by Susan Jones
The Vancouver Fraser Port Authority, commonly known as Port Metro Vancouver (PMV), is moving forward with plans to extensively dredge the environmentally-sensitive estuary of the Fraser River to build another man-made island for a new terminal with 3 container berths. The island will be 115 hectares (284 acres) plus an intermodal yard and a widened causeway with road and rail expansions. The Project will impact 210 hectares (519 acres) of internationally-significant fish and wildlife habitat at Roberts Bank. There is no economic or environmental justification for Port Metro Vancouver (PMV) to proceed with these plans.
Port Metro Vancouver claims:
– B.C. Container traffic is expected to double over the next 10 to 15 years (2.9 to 5.8 million TEUs)
– Throughput for PMV and Prince Rupert will almost triple (i.e. 9M TEUs) by 2030
However looking at the facts:
– Port Metro Vancouver experienced zero net growth in TEUs from 2007 to 2011, with a 14% decrease in 2009. PMV has been handling about 2.5 million TEUs annually since 2007 with 2.1 in 2009. There has been little growth in demand for several years. The world economic situation for containers is uncertain. PMV needs to justify the growth forecasts.
– Prince Rupert is an expanding container port which handled .4 million TEUs in 2011.
– Existing BC port facilities are operating at about 60% of utilization – PMV is operating at about 57% utilization. Approximately 70% of laden containers coming to the Lower Mainland are destined for elsewhere in Canada. Approximately 10% are destined to the United States and 20% are B.C. bound.
– If there is growth, PMV and Prince Rupert have plenty of capacity without building a second terminal at Roberts Bank. With improved efficiencies and planned expansions in the inner harbour and Prince Rupert, the ports will be equipped to handle 9 million TEUs by 2020 and at least 11 million by 2030. This level of capacity can meet PMV’s most aggressive forecasts for 2030 container traffic. This is all without Terminal 2 at Roberts Bank.
– A double increase would require a Compound Annual Growth (CAGR) of 7% which is not happening. The current CAGR is less than 2%
– A study commissioned by Port Metro Vancouver shows the PMV is looking at the highest case scenario of growth which is unrealistic:Preliminary Container Traffic Projections for Port Metro Vancouver: 2011 to 2030 – May 27, 2011 by Worley Parsons Canada.
– The current PMV statement is based on the “high case” forecast. To date, PMV has not even realized the “low case” forecasts.
– The “low case” projection for 2011 was 3.02 million TEUs for PMV and Prince Rupert. The actual business for 2011 was 2.9 million TEUs (2.5 for PMV and .4 for Prince Rupert).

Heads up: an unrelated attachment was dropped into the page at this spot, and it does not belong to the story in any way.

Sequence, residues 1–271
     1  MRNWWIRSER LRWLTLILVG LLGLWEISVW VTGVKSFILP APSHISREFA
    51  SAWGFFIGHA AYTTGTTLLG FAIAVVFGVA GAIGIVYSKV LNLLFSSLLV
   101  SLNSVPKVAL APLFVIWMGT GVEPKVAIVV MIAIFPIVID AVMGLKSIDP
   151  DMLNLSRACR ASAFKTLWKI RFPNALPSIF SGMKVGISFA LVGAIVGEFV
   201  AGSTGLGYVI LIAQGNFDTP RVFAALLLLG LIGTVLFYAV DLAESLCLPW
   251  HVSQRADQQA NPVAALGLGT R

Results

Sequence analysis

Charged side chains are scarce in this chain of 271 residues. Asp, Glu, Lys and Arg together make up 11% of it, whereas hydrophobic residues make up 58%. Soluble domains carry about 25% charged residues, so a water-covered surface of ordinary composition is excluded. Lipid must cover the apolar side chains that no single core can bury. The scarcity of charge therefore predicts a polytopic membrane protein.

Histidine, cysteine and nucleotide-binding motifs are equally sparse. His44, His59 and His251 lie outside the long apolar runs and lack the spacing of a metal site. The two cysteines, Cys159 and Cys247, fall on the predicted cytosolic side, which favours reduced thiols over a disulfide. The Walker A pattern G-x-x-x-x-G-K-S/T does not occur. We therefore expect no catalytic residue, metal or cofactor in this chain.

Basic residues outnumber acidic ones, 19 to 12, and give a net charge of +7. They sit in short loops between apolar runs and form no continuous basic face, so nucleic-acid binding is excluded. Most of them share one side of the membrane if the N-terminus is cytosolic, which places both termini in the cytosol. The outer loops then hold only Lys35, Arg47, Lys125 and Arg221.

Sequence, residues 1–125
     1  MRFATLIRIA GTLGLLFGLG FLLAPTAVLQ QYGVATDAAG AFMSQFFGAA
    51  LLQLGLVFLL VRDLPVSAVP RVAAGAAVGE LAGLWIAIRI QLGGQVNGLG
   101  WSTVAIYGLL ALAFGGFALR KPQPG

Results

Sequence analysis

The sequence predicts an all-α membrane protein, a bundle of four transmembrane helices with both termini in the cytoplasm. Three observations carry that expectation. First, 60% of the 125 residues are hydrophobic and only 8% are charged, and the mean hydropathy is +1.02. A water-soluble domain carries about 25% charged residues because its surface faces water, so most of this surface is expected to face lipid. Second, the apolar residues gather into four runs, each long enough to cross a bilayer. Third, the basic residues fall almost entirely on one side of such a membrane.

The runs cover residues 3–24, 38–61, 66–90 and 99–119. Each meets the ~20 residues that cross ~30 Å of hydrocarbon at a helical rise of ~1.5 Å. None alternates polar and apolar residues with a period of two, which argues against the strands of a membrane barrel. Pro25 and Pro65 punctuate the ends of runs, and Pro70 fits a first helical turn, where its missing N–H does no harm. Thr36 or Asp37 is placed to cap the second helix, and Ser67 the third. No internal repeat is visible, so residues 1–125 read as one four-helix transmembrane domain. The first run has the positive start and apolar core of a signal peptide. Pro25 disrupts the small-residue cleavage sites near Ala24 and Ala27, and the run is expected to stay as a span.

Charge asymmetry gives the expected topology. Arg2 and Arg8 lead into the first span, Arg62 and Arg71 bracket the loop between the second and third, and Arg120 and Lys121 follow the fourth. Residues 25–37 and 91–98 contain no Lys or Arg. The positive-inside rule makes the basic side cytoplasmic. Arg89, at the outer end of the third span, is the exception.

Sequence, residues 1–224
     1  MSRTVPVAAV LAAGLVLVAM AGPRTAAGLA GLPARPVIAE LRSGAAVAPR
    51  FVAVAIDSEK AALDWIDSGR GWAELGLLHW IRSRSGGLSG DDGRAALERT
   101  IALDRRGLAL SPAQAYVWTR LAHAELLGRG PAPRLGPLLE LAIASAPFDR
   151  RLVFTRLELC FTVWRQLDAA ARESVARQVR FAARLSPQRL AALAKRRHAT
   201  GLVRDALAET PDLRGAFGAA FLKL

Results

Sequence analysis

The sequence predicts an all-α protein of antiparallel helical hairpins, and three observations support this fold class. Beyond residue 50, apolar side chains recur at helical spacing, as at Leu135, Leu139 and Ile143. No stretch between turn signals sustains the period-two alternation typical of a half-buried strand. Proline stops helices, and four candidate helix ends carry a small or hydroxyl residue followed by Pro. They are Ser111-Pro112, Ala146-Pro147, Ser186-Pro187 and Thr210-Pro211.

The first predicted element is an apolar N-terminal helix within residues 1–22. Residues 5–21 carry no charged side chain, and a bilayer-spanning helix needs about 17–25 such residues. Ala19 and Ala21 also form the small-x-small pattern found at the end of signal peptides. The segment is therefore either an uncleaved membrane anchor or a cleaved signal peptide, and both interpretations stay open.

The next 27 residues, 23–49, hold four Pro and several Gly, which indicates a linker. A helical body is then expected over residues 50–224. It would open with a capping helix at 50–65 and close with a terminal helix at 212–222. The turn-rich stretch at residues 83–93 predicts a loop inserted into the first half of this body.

– The lowest case projections for the Deltaport Third Berth in 2006 have not been realized. PMV forecast 2.8 to 3.5 million TEUs by 2010. This has still not been achieved.
Deltaport Third Berth Project Comprehensive Study Report, July 2006, page 37: The following forecasts, in TEUs, for the Vancouver Port Area, are set out in Table 6:
Note: These figures do not include Prince Rupert. In 2010 and 2011 PMV handled 2.5 million TEUs, well below the lowest cast forecast of 2.8 million TEUs. In fact, PMV handled 2.5 million TEUs annually from 2007 until 2011 (with a drop to 2.1 in 2009). It appears that there will be some increase in 2012 but still the compound annual growth will only be 2%.
– The Worley Parsons Study of 2008 made forecasts of 5.53 million TEUs to 7.87 million TEUs by 2030 for Port Metro Vancouver terminals (does not include Prince Rupert). There is already capacity to handle 5 million TEUs in BC. With planned upgrades at Centerm and efficiency improvements, the capacity can easily reach 7.8 million TEUs by 2030. The Port of Prince Rupert has capacity for 750,000 TEUs with plans for 2 expansions which will increase capacity to 2 million TEUs and up to 5 million TEUs respectively.
Prince Rupert and Port Metro Vancouver can build to a capacity of 11 to 12 million TEUS by 2030, without ever building Terminal 2. With a current need for 2.5 to 3 million TEUs, there are plenty of options for gradual growth, if it occurs.
– The Worley Parsons Study of 2008 did not:
- study in any depth the impact that Prince Rupert port will have on demand in Vancouver
- consider a scenario of continued lower growth due to the global economic situation
- explore options for enhancing supply of terminal capacity at the existing Vancouver terminals
- compare the economic and environmental costs of various options for capacity expansion in the region